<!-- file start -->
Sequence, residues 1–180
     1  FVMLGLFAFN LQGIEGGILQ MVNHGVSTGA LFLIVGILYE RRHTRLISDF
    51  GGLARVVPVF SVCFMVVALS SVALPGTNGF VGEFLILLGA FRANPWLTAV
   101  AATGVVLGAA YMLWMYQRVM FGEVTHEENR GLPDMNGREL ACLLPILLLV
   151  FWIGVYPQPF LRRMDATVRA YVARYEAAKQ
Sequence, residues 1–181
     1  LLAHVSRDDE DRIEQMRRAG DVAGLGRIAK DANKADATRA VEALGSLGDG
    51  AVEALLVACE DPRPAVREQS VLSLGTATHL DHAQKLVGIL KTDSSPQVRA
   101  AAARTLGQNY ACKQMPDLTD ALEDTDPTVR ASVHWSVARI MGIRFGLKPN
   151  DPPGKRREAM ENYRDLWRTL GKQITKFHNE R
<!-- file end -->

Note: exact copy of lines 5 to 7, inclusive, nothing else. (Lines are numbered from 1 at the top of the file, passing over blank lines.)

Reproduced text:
   151  FWIGVYPQPF LRRMDATVRA YVARYEAAKQ
Sequence, residues 1–181
     1  LLAHVSRDDE DRIEQMRRAG DVAGLGRIAK DANKADATRA VEALGSLGDG